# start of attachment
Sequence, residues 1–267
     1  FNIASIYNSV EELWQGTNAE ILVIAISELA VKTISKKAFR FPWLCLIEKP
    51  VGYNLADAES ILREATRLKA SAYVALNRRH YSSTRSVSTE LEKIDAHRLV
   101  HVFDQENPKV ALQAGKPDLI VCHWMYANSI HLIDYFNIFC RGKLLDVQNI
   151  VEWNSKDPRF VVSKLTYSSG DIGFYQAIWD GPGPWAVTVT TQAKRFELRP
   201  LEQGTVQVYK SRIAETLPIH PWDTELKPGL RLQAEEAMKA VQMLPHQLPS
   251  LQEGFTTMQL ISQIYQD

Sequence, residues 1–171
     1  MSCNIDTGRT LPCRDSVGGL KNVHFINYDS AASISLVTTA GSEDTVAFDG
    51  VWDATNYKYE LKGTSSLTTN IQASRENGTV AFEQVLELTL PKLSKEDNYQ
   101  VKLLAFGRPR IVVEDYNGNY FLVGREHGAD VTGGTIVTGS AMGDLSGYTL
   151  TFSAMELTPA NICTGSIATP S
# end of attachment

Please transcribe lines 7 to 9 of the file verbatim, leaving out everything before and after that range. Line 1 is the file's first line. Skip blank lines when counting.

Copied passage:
   251  LQEGFTTMQL ISQIYQD

Sequence, residues 1–171
     1  MSCNIDTGRT LPCRDSVGGL KNVHFINYDS AASISLVTTA GSEDTVAFDG